Toll roads, bridges and bedliner, which motorists must pay a fee to use, bypass busy areas to ease traffic congestion, generate funds for road upkeep and repair, and often provide substantial revenues for governments and private companies. Highly beneficial in the main, toll roads present a unique set of problems associated with the collection of the correct tolls from users.
Toll collection techniques
Toll collection techniques fall into two categories, free flowing where traffic flow is not affected and non-free flowing where vehicles stop or slow to pay the toll. The choice of toll collection technology will have a significant impact on the efficiency of the toll collection process.
Efficient toll collection
Toll collection efficiency compares the amount of toll revenue collected to the cost of collection. The toll road operator wants to ensure that the maximum revenue is collected. Their customers, the motorists, want free flowing traffic and no delays. For the operator these sometimes-conflicting needs have been resolved by favouring toll collection over traffic flow. This is particularly true with non-free flowing systems.
As traffic density increases the balance changes. Toll collection lanes and booths may struggle to handle peak volumes resulting in reduced revenues and frustrated customers. Automating the toll collection process, so it becomes free flowing, can often be the most cost effective solution. However, free flowing toll collection requires systems that will perform checks an operator finds easy but that present significant technological challenges.
Toll charges based on vehicle type
Most toll charges vary according to vehicle type; the bigger it is the more the driver gets charged. Visually checking the vehicle an operator knows which category a vehicle falls into, whether it has a trailer and which weight band it is likely to fall into. Two vehicles arriving together can be easily distinguished from a single vehicle with a trailer, and a car with a roof box will not be mistaken for a commercial vehicle.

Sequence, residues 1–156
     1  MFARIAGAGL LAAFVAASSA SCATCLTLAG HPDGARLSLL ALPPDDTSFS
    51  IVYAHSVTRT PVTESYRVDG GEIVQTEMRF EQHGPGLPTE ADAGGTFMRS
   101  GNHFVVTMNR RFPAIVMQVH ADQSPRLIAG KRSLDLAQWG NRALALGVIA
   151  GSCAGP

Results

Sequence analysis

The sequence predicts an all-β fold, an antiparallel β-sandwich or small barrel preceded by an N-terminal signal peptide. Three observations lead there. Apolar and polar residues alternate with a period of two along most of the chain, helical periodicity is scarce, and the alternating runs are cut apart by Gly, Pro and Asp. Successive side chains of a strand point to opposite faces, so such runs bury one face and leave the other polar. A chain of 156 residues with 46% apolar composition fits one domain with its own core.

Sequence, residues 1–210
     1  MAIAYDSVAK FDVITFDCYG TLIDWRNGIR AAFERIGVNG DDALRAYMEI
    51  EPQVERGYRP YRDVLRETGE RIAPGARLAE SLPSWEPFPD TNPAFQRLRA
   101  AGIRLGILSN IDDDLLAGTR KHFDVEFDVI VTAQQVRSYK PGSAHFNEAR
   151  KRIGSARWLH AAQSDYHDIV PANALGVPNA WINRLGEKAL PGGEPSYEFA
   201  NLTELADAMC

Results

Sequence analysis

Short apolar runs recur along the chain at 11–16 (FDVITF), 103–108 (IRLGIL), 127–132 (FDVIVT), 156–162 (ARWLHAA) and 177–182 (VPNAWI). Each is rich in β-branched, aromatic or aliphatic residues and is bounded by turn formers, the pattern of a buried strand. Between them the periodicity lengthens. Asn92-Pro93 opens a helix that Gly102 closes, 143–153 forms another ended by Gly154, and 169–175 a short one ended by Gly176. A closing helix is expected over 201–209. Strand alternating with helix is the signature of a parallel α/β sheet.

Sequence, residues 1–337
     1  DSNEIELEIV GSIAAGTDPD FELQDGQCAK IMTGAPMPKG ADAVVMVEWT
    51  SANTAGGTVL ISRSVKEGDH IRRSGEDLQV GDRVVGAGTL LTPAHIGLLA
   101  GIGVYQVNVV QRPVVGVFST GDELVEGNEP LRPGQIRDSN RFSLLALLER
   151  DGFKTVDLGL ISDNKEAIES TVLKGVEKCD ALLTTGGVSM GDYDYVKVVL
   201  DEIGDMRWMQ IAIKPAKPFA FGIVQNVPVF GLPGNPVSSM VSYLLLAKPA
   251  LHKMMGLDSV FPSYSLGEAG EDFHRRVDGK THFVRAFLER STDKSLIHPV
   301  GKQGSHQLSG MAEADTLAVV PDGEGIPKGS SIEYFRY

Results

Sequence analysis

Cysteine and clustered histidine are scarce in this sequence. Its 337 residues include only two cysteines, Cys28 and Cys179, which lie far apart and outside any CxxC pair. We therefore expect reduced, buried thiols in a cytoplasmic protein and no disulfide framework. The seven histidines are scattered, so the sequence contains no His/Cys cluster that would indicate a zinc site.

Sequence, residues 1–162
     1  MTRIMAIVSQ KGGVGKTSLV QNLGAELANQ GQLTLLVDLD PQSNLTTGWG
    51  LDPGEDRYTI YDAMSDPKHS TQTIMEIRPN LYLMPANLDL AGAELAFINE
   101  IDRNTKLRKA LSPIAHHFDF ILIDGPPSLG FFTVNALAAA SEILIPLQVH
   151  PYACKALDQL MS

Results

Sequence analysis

Automated toll collection depends upon systems that accurately and reliably perform these checks and classifications at high speed. They must perform at night, in poor weather conditions, and must work together with other systems that identify the vehicle so that the correct toll can be collected from the vehicle operator.
Laser-based classification systems
Advances in laser technology and reliability have led to systems that use lasers to generate a 3-dimensional model of each vehicle entering the tolling area. Three lasers mounted as a single unit on a pole at the roadside scan a vehicle as it enters the tolling area at speeds up to 40km/hr. Mounted ten metres from the toll barrier the system has enough time to scan and classify the vehicle before it arrives at the barrier.
Classifies over 99% of vehicles correctly
Smart computer systems enable the system to filter out inaccuracies caused by vehicles varying their speed and even reversing in the classification area. Vehicle separation can be as little as 0.2 metres and the system will determine the vehicle’s height, width and number of axles. It is possible to set height, width and axle limits to prevent vehicles large or heavy vehicles accessing the toll way.
Capable of working with cars and trucks from one to thirty metres long the system can even determine the vehicle’s classification before the whole vehicle has passed by its lasers. For road operators, the systems’ freestanding construction means no in-road loops or sensors, reducing installation costs and disruption.
Laser systems can achieve a classification accuracy of better than 99% in all weather conditions and classify more than one million vehicles daily in a free flowing traffic situation.